uropean Union foreign ministers called for making Jerusalem the capital of both Israel and a future Palestinian state as part of a negotiated peace plan. The statement marked a compromise after Israel objected to a Swedish proposal identifying East Jerusalem, which Israel seized in the 1967 war, as the Palestinian capital. Palestinians welcomed the final statement, but Israel said it was "nothing new." Is sharing Jerusalem, which Israel claims as its eternal capital, the key to jump-starting peace negotiations? (Watch a report about the European Union's suggestion of a shared Jerusalem)
Sharing Jerusalem is not a new idea: The Swedish proposal was obviously unacceptable to Israel, says Herb Keinon in The Jerusalem Post. If the future Palestinian state is to comprise the West Bank and Gaza, with East Jerusalem as its capital, "what is left to negotiate?" The watered-down version merely says genuine peace requires resolving Jerusalem's status, which is "something that has been said a million times."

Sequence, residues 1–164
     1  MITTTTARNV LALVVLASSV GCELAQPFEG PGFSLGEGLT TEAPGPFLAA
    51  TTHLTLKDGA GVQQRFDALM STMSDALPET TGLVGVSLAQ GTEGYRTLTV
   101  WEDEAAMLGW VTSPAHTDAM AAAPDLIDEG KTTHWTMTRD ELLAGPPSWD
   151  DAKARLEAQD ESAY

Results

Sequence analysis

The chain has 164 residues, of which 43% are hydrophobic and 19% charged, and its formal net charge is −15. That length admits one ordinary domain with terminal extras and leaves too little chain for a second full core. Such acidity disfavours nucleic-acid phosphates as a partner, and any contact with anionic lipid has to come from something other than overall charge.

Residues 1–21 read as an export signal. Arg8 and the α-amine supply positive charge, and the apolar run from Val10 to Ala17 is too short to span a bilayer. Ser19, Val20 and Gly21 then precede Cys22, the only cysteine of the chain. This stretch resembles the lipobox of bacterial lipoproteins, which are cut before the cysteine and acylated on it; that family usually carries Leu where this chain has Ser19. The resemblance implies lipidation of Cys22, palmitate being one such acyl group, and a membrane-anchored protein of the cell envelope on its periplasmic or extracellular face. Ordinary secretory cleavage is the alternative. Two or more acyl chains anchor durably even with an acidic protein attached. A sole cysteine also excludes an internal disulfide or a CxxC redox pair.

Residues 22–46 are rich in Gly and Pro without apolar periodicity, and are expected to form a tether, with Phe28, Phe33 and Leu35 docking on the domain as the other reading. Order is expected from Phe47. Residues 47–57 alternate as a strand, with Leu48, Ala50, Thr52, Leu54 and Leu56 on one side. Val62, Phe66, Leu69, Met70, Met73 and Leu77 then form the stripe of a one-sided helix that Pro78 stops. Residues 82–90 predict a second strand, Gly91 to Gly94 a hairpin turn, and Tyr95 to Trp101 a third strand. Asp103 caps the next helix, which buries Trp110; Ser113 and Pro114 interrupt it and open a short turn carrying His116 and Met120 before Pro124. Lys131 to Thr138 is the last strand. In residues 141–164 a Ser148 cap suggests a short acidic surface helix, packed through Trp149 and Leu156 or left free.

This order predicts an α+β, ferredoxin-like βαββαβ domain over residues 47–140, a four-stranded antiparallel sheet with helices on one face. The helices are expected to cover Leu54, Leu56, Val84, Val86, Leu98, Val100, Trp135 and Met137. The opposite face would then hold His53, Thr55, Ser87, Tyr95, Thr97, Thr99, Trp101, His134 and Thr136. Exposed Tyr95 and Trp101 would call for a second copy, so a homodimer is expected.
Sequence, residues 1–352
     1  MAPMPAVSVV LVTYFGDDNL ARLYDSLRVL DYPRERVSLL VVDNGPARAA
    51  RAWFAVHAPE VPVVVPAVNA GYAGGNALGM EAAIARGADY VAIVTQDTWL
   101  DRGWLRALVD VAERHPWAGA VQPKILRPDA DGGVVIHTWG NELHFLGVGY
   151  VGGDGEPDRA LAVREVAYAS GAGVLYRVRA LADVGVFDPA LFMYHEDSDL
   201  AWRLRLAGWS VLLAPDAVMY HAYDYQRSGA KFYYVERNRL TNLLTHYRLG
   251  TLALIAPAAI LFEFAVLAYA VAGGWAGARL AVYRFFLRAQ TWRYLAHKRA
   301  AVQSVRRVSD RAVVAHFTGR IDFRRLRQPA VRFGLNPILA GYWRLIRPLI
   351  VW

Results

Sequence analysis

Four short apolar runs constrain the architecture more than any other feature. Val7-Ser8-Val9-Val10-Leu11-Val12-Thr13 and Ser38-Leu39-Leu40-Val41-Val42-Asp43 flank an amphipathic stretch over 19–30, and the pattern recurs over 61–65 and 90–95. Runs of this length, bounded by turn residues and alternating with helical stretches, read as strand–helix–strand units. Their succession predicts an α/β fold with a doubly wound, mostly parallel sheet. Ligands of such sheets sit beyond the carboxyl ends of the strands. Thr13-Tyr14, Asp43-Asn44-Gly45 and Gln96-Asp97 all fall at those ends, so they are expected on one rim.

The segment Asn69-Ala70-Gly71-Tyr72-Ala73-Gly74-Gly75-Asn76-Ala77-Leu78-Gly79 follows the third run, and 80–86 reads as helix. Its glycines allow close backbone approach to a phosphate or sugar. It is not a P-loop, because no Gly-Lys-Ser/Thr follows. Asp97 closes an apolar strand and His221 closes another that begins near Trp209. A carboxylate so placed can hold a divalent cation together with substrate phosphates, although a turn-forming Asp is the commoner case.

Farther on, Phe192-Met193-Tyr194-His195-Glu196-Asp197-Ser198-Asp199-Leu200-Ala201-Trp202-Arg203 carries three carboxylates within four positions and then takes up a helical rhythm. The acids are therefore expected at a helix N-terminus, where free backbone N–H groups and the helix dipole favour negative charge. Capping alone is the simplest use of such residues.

"Analysis: Israel dodges EU bullet"
Jerusalem is already shared—let's make it official: "Let's admit it to ourselves," says Gershon Baskin in Palestine Note. "We, as Israelis, don't really care about the Palestinian parts of Jerusalem." The city is already segregated, and Israel provides inferior services in Palestinian neighborhoods. "Recognizing that Jerusalem is two cities is the first step to making peace with the Palestinians and the Arabs."
"Jerusalem: the capital of two states for two peoples"
The EU was evenhanded. That alone is an achievement: Palestinian Authority Prime Minister Salam Fayyad said Palestinians now have new hope of recovering territories Israel occupied in 1967, says John Lyons in The Australian, and Israeli Foreign Minister Avigdor Lieberman was pleased that the EU foreign ministers rejected the "rash, one-sided" Swedish proposal. So both sides found "something to be pleased with"—that alone "was a rare accomplishment for the EU."
"Both sides hail EU Jerusalem solution"
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